“A city speaks to you mostly by accident—in things you see through windows, in conversations you overhear. It’s not something you have to seek out, but something you can’t turn off.”—Cities and Ambition - Paul Graham
As much as we complain about other people, there is nothing worse for mental health than a social desert. The more connected we are to family and community, the less likely we are to experience heart attacks, strokes, cancer and depression. Connected people sleep better at night. They live longer. They consistently report being happier.
“Resist the urge to regress when a solution has problems. The only way out is through, with more knowledge. We all have a moral obligation to our descendants to be a force for the growth of knowledge, so that they may live like kings compared to us.”—Today’s email from The Listserve. They’re often good, but today’s was great.
Towards the end of a recent project at work, I came up with a technique to help us do more user-focused QA work, which was unambitiously titled the Scenario Card Game.
How does it work?
You write down the main tasks that someone will do in your application, and print them off on something playing card(ish) size.
Write down all the little nuance details that might make those tasks happen differently, and again print those off on something playing card sized. The best things to use here are things that a user might need, or unique facts about them that would change the task.
Pick a task card, and few nuance cards (we used three). You now have a specific scenario to use when walking through your application. Check that everything makes sense together, if anything conflicts just put some cards back and draw new ones.
At this point, you should actually use that scenario to walk through your app, and record the results. Were there bugs? Was it hard to figure out what to do because of the nuances?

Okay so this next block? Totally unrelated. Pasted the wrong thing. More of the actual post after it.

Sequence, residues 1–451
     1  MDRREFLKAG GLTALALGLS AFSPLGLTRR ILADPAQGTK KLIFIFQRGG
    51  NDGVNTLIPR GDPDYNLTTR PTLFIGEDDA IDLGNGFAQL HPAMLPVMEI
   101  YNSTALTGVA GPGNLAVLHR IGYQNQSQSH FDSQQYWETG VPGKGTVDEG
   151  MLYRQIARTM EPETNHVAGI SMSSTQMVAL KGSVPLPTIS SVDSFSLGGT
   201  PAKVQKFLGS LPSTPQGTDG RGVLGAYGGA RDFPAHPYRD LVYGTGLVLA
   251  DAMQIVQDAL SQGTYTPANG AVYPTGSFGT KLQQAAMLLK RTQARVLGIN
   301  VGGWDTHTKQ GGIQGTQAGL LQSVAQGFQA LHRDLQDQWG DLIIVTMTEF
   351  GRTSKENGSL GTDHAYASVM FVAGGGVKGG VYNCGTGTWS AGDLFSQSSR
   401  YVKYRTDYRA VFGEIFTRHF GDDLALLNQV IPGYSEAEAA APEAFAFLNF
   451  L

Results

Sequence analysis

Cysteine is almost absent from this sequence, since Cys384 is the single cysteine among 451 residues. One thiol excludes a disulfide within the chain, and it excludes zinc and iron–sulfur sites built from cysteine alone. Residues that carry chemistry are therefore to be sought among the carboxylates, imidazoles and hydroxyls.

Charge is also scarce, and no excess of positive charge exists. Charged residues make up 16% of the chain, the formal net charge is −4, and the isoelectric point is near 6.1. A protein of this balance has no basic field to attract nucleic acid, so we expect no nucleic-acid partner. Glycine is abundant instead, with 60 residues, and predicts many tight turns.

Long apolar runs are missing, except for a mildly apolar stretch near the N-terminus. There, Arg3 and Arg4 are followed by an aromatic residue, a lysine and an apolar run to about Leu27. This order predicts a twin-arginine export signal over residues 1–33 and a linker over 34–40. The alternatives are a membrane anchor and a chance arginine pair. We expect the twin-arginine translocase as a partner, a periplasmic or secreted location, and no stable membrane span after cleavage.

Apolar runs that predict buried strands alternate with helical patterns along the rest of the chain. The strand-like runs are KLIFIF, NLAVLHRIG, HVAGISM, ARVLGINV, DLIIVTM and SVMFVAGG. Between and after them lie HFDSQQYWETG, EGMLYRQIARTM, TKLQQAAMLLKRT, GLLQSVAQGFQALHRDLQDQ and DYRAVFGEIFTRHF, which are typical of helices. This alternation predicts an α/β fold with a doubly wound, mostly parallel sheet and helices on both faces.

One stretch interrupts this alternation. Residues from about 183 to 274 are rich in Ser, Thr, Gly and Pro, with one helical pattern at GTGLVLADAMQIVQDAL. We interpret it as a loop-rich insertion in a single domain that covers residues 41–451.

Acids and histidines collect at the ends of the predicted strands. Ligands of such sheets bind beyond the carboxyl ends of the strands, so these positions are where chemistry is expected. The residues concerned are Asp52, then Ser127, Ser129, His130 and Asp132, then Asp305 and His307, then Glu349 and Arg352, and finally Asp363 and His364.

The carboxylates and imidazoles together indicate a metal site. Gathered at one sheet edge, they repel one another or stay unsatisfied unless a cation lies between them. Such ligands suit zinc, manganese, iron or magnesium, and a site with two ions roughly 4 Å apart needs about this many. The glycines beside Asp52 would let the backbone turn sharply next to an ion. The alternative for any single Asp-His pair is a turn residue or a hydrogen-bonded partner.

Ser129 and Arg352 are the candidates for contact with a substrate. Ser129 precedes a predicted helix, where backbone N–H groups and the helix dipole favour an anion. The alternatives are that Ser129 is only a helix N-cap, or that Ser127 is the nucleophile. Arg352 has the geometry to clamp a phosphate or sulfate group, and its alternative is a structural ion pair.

Make the app better. Repeat.
In our project, there was a lot of functionality, but people were having a hard time seeing how everything fit together. So we created some scenarios that outlined specific flows a user might go through, and developers/QA would walk through these to make sure everything was working. It was a pretty good system, but the scenarios were very perscriptive, which meant that after you had done the scenario once, people started seeing them as a bit of a chore, and it didn’t invite the level of creative exploration that we were hoping for.
So this game was an attempt to capture the big picture things that people would need to do, provide some constraints, but still leave lots of room for people to make their own decisions when testing them.
I like it because it combines testing the technical issues with the app (“there’s a bug on the account screen”), and usability/design issues (“how do I select a Spanish consent form?”). And it provides some more direction than “take a look at the app and see if anything is busted”.
Try it out, I’d love to hear if it helps you out on a project.
We originally tried this with a third card type: for personas. This was great because it humanized each of the scenarios, but the cards didn’t really change the scenarios in any way, so I think you could get by without them. If you already have personas created for your project, add them as a third card type. But if you don’t (we can argue about whether you need personas at a later date), I don’t think that should stop anyone from trying this out.